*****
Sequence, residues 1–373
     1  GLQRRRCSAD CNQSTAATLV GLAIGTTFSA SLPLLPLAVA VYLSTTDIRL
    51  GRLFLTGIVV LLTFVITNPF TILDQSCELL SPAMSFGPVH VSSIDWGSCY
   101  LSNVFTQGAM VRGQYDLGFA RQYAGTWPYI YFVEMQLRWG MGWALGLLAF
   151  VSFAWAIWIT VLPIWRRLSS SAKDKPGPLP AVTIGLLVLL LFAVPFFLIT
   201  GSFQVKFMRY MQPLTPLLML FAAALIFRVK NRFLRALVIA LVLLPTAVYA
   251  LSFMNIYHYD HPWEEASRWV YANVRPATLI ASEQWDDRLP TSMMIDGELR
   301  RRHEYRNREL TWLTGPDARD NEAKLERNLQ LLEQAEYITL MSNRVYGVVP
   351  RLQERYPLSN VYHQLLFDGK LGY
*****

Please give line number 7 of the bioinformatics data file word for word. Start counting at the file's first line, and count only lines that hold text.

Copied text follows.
   251  LSFMNIYHYD HPWEEASRWV YANVRPATLI ASEQWDDRLP TSMMIDGELR